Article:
Tom and I went to a funeral on Friday. It was an especially sad occasion. One of Rose's friends had her mother die suddenly the weekend before. She left behind her husband and their four children, of whom Rose's friend is the oldest at 14. This is the third funeral I have attended in my life. My parents are not religious and three of my grandparents were in their charge when they died, so no observance was made of their passing. One funeral was that of my mother's mother and was really a memorial service more than anything. The second funeral was that of Tom's father and it was glorious in the fullness of tradition with a rosary the night before, visitation, and an open casket funeral. I have rarely found anything so satisfying on so many levels. It doesn't sound proper but you probably know what I mean when I say that it was a wonderful funeral. The funeral on Friday had no rosary or open casket but was also wonderful as a celebration of this mother's life. I was left with two new "funeral observations" afterward.
First, understandably, the Gospel reading was about Jesus raising Lazarus from the dead. Both our priest and the guest speaker mentioned something that had never occurred to me as a lesson from this passage. When Lazarus comes forth from the tomb he is covered with the winding cloths. Jesus tells Mary and Martha to unbind him, to set him free, and to feed him. This is an illustration of what happens after we die. Jesus meets us and we are set free from all that bound us in our earthly life. So simple but I just never looked at it this way. It was particularly apt in this mother's case but there is no one who would not enjoy such a welcome.
Second, as I sang "On Eagles Wings" I started thinking about Tom's mother. She had me pick the readings and songs for his father's funeral, "Nothing from after Vatican II" (no "On Eagles Wings" for him). Ok, I converted only 4 years ago but I knew what she meant. Then she told me to keep the notes and use them for her funeral whenever it should be.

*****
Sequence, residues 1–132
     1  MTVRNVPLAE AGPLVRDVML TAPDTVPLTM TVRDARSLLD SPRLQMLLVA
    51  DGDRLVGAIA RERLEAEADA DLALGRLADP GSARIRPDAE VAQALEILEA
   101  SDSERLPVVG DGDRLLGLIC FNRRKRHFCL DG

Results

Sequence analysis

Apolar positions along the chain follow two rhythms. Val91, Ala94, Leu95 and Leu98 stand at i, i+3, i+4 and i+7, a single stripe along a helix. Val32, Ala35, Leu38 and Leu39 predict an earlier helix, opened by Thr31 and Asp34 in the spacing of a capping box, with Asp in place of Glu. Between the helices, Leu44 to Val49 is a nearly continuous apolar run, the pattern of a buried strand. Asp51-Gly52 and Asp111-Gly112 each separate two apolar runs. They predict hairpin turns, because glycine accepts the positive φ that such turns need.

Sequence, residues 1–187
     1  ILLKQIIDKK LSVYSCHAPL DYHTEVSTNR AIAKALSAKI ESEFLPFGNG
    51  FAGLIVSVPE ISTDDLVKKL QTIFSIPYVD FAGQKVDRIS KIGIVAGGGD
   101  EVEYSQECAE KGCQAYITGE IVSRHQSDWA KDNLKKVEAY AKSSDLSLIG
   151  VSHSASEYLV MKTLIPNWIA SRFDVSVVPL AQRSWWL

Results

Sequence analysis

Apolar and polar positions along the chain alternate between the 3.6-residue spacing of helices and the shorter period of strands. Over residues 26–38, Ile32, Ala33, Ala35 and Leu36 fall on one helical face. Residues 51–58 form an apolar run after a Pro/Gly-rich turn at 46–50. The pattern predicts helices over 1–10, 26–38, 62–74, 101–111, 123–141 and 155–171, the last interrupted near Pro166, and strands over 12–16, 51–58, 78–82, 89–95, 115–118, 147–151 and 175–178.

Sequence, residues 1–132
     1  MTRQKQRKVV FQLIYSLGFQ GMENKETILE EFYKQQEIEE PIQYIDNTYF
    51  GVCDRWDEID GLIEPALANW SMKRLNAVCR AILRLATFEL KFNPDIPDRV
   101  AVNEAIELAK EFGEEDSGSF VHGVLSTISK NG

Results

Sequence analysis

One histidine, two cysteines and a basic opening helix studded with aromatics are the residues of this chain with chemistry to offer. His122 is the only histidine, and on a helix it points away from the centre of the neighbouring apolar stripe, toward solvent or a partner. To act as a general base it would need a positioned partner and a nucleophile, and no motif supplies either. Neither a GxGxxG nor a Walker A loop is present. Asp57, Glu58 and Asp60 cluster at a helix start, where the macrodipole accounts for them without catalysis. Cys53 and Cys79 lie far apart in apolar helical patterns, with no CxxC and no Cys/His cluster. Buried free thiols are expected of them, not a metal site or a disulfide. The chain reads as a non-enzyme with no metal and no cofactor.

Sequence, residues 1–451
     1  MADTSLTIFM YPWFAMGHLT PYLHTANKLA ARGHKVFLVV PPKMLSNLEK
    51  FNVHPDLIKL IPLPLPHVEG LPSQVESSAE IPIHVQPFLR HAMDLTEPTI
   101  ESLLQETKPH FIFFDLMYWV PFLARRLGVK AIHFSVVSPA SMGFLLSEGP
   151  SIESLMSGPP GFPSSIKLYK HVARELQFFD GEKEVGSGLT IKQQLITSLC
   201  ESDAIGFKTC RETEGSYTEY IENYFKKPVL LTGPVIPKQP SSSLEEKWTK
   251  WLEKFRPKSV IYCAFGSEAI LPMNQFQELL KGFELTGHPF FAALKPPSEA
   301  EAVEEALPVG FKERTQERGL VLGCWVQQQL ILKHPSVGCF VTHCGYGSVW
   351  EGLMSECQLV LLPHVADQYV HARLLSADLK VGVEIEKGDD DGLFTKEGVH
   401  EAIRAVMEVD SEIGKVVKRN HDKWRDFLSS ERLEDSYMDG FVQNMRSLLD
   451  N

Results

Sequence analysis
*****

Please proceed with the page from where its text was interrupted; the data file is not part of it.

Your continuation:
I began contemplating what I would want to happen during my funeral. First of all, no songs later than the 1900's. Have everyone recite the St. Michael prayer before the final benediction (Rose's idea, she was thinking these sorts of thoughts also). Sing the "Ode to Joy" as everyone leaves. Definitely have everyone go to the house for an old fashioned wake, or is that held the night before? Then who would I have speak? Not a family member, that is too hard for them. I thought maybe my best friend, Joan, would be good. She knows me like no other in many ways.
I told Tom about all these ideas on the way to work afterward. He didn't like thinking about it. I think it was because he strongly identified with the plight of the widowed father who now would have to carry on, "One day at a time," as he told us, raising his children alone. For me it was a more academic idea. I found I wasn't the only one like that. When I told Joan my idea, it started a flurry of back and forth emails that detailed what we'd like and what we'd say in tribute of each other. Then she told me about a great PBS special she'd seen recently about dying at home. She's going to rent it and we'll watch it together.
I thought it was interesting that we got pulled into the details so easily. Maybe its because we are both planners. Maybe its a girl thing. Maybe its because we both have seen the power of a good funeral. I'm not sure. But it is interesting.